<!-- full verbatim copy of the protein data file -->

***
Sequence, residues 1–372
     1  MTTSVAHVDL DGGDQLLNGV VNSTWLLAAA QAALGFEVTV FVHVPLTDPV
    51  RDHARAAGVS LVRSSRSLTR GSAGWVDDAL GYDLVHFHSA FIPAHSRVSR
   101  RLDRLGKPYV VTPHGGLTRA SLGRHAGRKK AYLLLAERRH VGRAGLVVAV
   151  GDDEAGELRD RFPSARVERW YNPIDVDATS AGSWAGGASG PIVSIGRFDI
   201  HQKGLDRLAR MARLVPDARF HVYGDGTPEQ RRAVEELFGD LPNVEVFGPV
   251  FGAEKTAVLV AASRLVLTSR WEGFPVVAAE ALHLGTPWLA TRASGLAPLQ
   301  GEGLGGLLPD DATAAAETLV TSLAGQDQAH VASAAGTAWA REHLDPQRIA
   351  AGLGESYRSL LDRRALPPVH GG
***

Sequence, residues 1–372
     1  MTTSVAHVDL DGGDQLLNGV VNSTWLLAAA QAALGFEVTV FVHVPLTDPV
    51  RDHARAAGVS LVRSSRSLTR GSAGWVDDAL GYDLVHFHSA FIPAHSRVSR
   101  RLDRLGKPYV VTPHGGLTRA SLGRHAGRKK AYLLLAERRH VGRAGLVVAV
   151  GDDEAGELRD RFPSARVERW YNPIDVDATS AGSWAGGASG PIVSIGRFDI
   201  HQKGLDRLAR MARLVPDARF HVYGDGTPEQ RRAVEELFGD LPNVEVFGPV
   251  FGAEKTAVLV AASRLVLTSR WEGFPVVAAE ALHLGTPWLA TRASGLAPLQ
   301  GEGLGGLLPD DATAAAETLV TSLAGQDQAH VASAAGTAWA REHLDPQRIA
   351  AGLGESYRSL LDRRALPPVH GG